James F. Driscoll, executive director of the Massachusetts Catholic Conference, the public policy arm for the Roman Catholic bishops in Massachusetts, said the church values life from conception to death. He said the church is a big supporter of hospice and palliative care. McDonnell also emphasizes hospice and palliative care in his upcoming column.
Driscoll said the ballot question would set a dangerous precedent. “The church is against this initiative and thinks it is a dangerous path to take a human life before natural death,” Driscoll said.
About 2.6 million Catholics live in Massachusetts, or about 40 to 45 percent of the population, according to Driscoll.
The new coalition, named the Committee Against Physician Assisted Suicide, said it plans to recruit citizens, healthcare leaders, and religious organizations to defeat “this poorly written, confusing, and flawed ballot question,” according to its web site.
Under the ballot question, which qualified with the signatures of about 125,000 registered voters, terminally ill patients would need to make three requests for the medications including two oral and one written, with two different waiting periods between the final request and the prescription.
Stephen Crawford, a spokesman for Dignity 2012, said two former editors of The New England Journal of Medicine and other key doctors were among the original signers of a petition for the law.
The Massachusetts Medical Society, however, opposes the ballot question, keeping in line with the Society’s longstanding policy against physician-assisted suicide, said spokesman Richard P. Gulla.
Dr. John S. Howland, a family physician in Southbridge, said the ballot question is not good for physicians because it would violate the Hippocratic Oath. “It’s very detrimental to the doctor-patient relationship,” he said.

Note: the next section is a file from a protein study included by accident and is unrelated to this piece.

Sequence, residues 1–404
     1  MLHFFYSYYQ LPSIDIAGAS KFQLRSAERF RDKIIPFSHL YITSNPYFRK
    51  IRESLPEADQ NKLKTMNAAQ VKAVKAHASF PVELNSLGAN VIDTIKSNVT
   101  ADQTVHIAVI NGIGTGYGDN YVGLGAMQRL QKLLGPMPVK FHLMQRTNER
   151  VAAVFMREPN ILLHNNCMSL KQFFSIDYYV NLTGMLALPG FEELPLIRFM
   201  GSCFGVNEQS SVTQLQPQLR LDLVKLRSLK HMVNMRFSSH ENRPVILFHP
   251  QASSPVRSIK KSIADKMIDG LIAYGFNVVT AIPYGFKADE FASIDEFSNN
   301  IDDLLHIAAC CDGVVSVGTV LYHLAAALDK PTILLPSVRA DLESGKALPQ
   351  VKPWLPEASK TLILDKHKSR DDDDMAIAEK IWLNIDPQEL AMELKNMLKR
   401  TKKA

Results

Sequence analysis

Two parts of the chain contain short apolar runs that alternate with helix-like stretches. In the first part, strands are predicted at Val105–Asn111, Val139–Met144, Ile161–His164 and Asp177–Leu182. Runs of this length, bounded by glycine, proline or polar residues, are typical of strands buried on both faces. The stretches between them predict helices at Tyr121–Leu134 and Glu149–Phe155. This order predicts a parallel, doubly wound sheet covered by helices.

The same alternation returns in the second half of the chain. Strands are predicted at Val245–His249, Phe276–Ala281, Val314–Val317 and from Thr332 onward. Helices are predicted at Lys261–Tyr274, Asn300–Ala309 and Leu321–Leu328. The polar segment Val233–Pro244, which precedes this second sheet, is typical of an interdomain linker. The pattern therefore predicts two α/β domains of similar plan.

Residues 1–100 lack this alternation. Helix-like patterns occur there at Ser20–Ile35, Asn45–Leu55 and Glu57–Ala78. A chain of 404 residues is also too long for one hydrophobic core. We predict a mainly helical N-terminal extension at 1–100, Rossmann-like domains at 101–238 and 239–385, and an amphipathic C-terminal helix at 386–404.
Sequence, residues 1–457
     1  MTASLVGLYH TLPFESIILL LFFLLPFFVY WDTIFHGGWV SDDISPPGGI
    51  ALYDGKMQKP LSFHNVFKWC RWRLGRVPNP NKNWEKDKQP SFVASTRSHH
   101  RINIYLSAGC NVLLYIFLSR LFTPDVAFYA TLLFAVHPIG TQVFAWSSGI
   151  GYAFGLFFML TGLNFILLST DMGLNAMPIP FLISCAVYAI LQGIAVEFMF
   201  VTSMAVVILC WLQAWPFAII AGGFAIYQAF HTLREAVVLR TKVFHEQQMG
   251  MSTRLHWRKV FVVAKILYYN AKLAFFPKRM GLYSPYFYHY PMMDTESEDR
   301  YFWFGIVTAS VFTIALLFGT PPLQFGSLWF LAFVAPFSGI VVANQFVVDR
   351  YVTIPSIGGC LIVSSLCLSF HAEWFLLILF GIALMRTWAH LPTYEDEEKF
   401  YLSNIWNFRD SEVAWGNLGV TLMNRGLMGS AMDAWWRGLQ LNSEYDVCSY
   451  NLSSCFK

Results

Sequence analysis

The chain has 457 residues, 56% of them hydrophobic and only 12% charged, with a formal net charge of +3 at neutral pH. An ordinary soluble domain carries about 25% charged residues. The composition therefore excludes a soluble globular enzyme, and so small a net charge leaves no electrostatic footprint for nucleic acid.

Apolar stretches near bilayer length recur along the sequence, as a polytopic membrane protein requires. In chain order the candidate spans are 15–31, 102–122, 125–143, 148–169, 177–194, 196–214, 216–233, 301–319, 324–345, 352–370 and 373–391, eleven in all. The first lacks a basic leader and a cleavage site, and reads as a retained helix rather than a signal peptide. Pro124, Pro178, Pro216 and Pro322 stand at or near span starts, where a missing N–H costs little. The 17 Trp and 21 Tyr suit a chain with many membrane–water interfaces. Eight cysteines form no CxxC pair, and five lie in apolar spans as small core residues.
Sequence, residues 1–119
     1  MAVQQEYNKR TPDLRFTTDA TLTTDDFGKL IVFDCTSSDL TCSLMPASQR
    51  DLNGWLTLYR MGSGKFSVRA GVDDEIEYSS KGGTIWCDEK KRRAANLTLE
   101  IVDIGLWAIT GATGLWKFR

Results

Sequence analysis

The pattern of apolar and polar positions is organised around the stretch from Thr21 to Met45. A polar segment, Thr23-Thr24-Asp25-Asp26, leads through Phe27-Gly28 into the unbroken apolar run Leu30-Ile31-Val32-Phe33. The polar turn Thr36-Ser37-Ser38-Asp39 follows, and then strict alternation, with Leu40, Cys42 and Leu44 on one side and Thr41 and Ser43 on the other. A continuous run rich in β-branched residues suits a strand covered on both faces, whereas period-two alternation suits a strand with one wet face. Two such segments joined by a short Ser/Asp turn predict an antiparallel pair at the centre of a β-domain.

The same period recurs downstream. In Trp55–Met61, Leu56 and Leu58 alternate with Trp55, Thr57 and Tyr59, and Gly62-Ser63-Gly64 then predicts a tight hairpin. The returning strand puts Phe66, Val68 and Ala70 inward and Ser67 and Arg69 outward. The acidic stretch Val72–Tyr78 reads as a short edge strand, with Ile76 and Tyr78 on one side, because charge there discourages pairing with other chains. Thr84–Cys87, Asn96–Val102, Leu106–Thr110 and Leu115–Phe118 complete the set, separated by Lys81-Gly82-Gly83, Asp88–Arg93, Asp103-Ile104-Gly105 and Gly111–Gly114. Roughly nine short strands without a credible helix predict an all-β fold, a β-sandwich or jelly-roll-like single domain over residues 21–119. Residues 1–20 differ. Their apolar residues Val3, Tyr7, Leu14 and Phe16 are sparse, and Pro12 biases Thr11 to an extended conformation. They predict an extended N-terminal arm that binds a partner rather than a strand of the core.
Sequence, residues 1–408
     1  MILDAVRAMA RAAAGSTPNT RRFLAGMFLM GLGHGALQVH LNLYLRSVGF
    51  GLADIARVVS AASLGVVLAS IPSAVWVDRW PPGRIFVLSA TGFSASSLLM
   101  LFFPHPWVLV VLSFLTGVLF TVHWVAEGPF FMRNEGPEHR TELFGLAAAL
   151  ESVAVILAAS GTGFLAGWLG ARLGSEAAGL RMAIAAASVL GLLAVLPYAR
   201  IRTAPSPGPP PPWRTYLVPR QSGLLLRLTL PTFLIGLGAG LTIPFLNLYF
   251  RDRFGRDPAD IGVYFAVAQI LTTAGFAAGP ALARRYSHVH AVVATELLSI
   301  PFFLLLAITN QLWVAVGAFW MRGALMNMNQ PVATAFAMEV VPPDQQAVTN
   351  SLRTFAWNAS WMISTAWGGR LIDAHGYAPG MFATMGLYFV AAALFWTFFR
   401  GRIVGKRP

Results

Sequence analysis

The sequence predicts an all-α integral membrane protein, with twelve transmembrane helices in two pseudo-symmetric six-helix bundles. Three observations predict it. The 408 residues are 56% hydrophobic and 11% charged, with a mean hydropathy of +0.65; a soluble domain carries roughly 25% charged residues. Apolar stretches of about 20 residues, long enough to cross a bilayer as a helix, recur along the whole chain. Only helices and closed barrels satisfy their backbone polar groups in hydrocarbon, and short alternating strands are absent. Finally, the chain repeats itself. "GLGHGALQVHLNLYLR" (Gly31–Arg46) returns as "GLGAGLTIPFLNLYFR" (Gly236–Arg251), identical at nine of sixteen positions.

Crawford said the ballot question does not call for suicide in the traditional sense, which involves depression and despair. He also said the initiative should not be labeled “physician-assisted suicide,” which conjures up images of the late Dr. Jack Kevorkian and his “suicide machine” made of scrap parts.
“This is about patients who are suffering,” Crawford said. “This isn’t about the doctors.”
Berzoff, born in New Haven, grew up in a different era.
Her father, a Yale University graduate, contracted tuberculosis, an infectious disease mostly of the lungs. The family moved to western North Carolina , along with thousands of others with the then-incurable disease, seeking fresh air and sunshine.
Born of Jewish parents, she attended for 11 years and graduated from St. Genevieve-of-the-Pines, an all-girls Catholic school, considered one of the state’s best private schools. She obtained her bachelor’s at the University of North Carolina at Chapel Hill and her master’s at The Teachers College at Columbia University.
Her husband, Sydney, a longtime director of development for Brandeis University, would not have agreed, she concedes. He would have taken any treatment to stay alive, she said. He suffered for many months from lymphoma before dying at 49, leaving her a widow for the last 45 years. A daughter, Barbara Shapiro, 49, died of breast cancer after a prolonged period.
Another daughter, Joan Berzoff, is a professor at the School of Social Work at Smith College in Northampton, and a third daughter, Emily Enteress, is businesswoman.
Taught by nuns at Catholic school, Myra Berzoff scoffs at the argument that the ballot question is dangerous because it advocates taking a human life before natural death. She said she should have the option offered by the ballot question.
“That’s absurd,” she said. “If you’re suffering, it’s your life. It isn’t the life of the Catholic church. It’s mine.”